“Our society spends a lot of time telling us that there is some brand new, fresh cultural produce, generated from thin air and sunshine, slick and clean. They package it with pretty plastic & ribbons and then feed it to us. A lot gets thrown away: the ribbons, the wrapping; culture becomes garbage, or it dies, and rots behind the refrigerator. But the new fluffy shiny stuff still gets churned out, and it gets forced between our teeth. And we are told to swallow it.

We will not swallow. We will chew, and then spit. We will play with our food, and create something new and interesting from it.”

This is similar to the Adbusters “Is Economic Progress Killing Our planet” campaign, and a host of other messages pointing to the waste and absurdity of the economic order as it exists today.

The idea is to show that the sanitary culture presented in mass culture isn’t the sanitary and stain–free entity the messages proclaim it to be. “The possibility of adding pimples to the retouched photo of the face on the cover of America are only now being seen as artistic territory.” The anti–message is very simple: this is not good.

Corporate and cultural abuses are legion, from the Exxon Valdiz oil spill to the Union Carbide poisoning of tens of thousands of people in Bhopal, India. Yet criticism is mute. As the Overcoming Consumerism site observes,

“The often asked question, ‘why doesn’t the media talk about corporate power?’ and the frequent answer ‘because the corporations own the media …’, really is a simplification of a wide–ranging process of power–sharing and wealth–retention that goes more to the kinds of people behind the corporations than the actual corporations themselves.”

The anti–meme is an attack not only on corporate and government policies and practises, but also on the media messages themselves. Hence, for example, we see sites such as White Dot, which ask, “What do you do if you don’t watch TV?” End of article


About the author

Stephen Downes is Information Architect at the University of Alberta.
E–mail: sdownes [at] ualberta [dot] ca



Adbusters, at http://adbusters.org.

Advertising Age, at http://www.adage.com/.

The Baffler.

Peter Baumgertner and Sabine Payr, 1997. “Learning as Action: A Social Science Approach to the Evaluation of Interactive Media”, CSS (Computers in the Social Sciences) Journal, volume 5, number 2 (March/April).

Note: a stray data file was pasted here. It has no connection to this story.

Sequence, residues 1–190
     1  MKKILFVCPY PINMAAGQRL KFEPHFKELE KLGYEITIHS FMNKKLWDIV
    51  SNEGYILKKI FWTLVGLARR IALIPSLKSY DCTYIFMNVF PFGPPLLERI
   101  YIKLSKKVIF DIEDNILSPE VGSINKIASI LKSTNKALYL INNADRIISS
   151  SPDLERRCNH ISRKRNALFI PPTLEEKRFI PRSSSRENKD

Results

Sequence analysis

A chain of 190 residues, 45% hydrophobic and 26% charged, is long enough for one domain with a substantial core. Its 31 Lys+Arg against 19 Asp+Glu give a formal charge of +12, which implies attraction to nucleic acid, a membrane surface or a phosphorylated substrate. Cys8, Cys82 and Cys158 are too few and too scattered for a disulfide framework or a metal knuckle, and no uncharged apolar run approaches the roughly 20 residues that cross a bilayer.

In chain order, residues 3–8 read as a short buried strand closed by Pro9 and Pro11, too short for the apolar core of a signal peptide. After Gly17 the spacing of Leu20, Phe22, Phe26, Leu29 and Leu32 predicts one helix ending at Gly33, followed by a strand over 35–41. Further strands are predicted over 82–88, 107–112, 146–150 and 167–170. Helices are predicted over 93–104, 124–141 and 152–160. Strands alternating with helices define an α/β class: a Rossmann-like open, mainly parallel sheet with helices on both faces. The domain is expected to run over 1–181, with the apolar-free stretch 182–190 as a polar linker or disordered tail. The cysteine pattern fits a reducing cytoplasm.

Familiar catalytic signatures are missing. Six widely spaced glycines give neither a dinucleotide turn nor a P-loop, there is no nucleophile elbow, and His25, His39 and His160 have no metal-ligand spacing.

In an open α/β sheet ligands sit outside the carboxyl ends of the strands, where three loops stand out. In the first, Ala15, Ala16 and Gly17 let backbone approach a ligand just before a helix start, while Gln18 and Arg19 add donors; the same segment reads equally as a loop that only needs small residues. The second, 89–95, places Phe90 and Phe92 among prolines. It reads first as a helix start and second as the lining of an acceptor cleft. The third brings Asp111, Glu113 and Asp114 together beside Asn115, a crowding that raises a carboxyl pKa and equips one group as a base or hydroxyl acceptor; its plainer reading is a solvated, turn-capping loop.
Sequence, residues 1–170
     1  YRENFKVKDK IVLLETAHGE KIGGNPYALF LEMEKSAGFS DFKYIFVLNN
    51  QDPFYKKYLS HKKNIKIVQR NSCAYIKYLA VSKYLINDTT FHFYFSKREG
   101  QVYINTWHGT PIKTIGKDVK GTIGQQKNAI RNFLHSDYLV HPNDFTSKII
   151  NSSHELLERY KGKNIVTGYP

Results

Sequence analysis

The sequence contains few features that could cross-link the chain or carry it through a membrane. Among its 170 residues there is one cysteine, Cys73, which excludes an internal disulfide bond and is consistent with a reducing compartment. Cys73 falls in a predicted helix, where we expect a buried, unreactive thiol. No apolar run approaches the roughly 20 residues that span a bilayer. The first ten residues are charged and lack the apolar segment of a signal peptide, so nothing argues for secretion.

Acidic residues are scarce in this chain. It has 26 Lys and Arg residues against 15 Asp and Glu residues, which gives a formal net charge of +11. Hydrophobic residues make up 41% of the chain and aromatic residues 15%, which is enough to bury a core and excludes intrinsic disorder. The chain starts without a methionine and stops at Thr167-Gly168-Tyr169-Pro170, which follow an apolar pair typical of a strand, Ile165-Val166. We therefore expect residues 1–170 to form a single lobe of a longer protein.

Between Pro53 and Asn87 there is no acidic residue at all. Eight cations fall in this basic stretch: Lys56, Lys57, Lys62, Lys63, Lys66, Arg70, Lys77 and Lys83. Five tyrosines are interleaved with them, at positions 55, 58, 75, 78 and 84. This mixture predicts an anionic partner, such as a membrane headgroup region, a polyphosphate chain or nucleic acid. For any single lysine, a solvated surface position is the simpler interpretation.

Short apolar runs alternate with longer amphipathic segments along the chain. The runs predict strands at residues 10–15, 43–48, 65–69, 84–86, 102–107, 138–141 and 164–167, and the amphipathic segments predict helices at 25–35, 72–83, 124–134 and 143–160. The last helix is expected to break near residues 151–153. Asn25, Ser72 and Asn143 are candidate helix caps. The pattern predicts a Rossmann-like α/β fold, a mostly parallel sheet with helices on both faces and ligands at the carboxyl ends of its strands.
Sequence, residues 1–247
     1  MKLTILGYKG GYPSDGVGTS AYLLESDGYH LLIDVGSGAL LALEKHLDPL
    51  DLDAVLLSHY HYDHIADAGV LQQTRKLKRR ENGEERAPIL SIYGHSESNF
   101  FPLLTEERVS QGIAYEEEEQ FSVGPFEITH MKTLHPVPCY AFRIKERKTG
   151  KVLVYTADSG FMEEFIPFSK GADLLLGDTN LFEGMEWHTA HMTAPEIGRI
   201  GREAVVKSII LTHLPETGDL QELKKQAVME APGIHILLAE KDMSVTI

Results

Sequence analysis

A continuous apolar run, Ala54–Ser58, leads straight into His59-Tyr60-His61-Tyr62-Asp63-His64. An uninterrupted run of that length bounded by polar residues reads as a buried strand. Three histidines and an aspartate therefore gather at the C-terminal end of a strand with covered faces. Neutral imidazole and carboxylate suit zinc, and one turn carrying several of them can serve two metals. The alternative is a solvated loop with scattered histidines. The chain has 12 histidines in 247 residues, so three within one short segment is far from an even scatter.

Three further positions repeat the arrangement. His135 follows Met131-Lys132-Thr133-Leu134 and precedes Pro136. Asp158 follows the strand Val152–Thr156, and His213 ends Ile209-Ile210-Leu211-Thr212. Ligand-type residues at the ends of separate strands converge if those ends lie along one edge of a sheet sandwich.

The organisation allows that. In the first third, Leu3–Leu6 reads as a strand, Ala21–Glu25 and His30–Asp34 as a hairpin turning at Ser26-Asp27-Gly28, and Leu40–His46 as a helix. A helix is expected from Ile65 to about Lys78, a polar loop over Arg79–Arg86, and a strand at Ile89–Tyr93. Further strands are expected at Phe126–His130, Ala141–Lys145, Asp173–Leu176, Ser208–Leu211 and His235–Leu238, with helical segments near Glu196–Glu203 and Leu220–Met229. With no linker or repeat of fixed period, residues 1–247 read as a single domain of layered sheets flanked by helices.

David Bennahum, Meme.

Big Brother Inside Web site.

Billboard Liberation Front, at http://www.billboardliberation.com.

Luther Bissett ‘personal’ home page, at http://www.syntac.net/lutherblissett/.

William S. Burroughs, 1970. The Electronic Revolution.

Meredith Brooks, 1988. Bitch, Columbia Records.

Cacophony Society, (Los Angeles), at http://www.cacophony.org/la/CS_gate.html.

Canadian Broadcasting Corporation, at http://www.cbc.ca.

Centre for Media and Democracy, at http://www.prwatch.org/.

Channel One, at http://www.channelone.com.

Chickenhead, zine at http://www.chickenhead.com.

CHUM Media Group, at http://www.chum.com.

Church of the SubGenius, at http://www.subgenius.com/.

Church of the SubGenius, “We’re the Happy People,” http://www.subgenius.com/bigfist/answers/rants/ad/ad.html.

The Corporation, parody at http://www.thecorporation.com/.

The Corporation, Cyberbear.

Critical Mess Media (CMM), parody at http://www.rootmedia.org/~messmedia/.

Culture Jamming.

Richard Dawkins, 1976. The Selfish Gene. New York: Oxford University Press.

Mark Dery, Culture Jamming: Hacking, Slashing and Sniping at the Empire of Signs.



Ron English, POPaganda: Illegal Billboards.

Stewart Ewan, PR! A Social Theory of Spin.

Ebon Fisher, The Alula Dimension.

Ebon Fisher, Mess up your neighbours: The Weird Thing Zone.

Andrew Garton, 1998. “Breaking the Loop,” Acústica, 2.01 (19 August).

Guerrilla Media, at http://www.guerrillamedia.org/.

Guerrilla Media, National Post parody site, at http://www.national-post.8m.com/.

Guerrilla Media, Conrad Black Envy, parody at http://www.blackenvy.com/.

Happyclown, Inc., parody at http://www.happyclown.com/mainmenu.html.

Headspace, “How to Make Trouble and Influence — C is for Culture Jamming,” Headspace Issue #4.

Rich Henderson, Interview with Joe Matheny.

Jesse Hirsh, 1997. “Culture Jamming: Democracy Now,” University of Toronto Varsity Online, volume 118, number 21 (November 11).

Idiosyntactix Arts and Sciences Alliance, at http://www.syntac.net/.

Idiosyntactix, Culture–Jammer’s Enclyclopedia.


Adam Karrera, 1998. “Virtual Slap: A Keynote Presentation,” Web Review (June 23).

Arline Klatte, 1998. “Hey Gang, ‘Let’s Put On A Show’ Survival Research Labs up against it … again,” SF Gate (July 6).

Laughing Squid.


Carrie McLaren, 1997. “Advertising the Uncommercial,” Matador, #6.

National Post.

Negativeland, NegativWorldWideWebland.


Overcoming Consumerism.

Positive Propaganda. Unsorted Banners.

Practical Magic.

Public Broadcasting System.

Quebec Public Interest Research Group, 1997. “Liberating Media: a weekend of culture jamming, media, and community democracy,” at http://www.tao.ca/earth/toronto/archive/1997/toronto00100.html.

Eric S. Raymond, “Meme” as defined in the Hacker’s Dictionary at http://www.elsewhere.org/jargon/jargon_28.html#TAG1126.



®TMark, Full Projects List.

®TMark. G.W.Bush.com.

saggau@earthlink.net, 1998. “Smashing the status quo! Review of Saul Alinksky’s Rules for Radicals,” at Amazon.com (29 December).


Michael Sippey, 1996. “Live or Memorex?” Stating The Obvious (12 December), http://www.theobvious.com/archives/021296.html.


Rob Vanatta, 1998. Meredith Brooks Net.

John Whalen, 1995. “The Mayhem is the Message,” MetroActive Central.

White Dot.

Wayne Woolley, 1996. “Florida reporter falls for phony Detroit gang hoax on Internet,” Detroit News (6 December).

ZNet, Anarchy Watch.

Copyright © 1999, First Monday.

Copyright © 1999, Stephen Downes.

Hacking Memes
by Stephen Downes.
First Monday, Volume 4, Number 10 - 4 October 1999

A Great Cities Initiative of the University of Illinois at Chicago University Library.

© First Monday, 1995-2020. ISSN 1396-0466.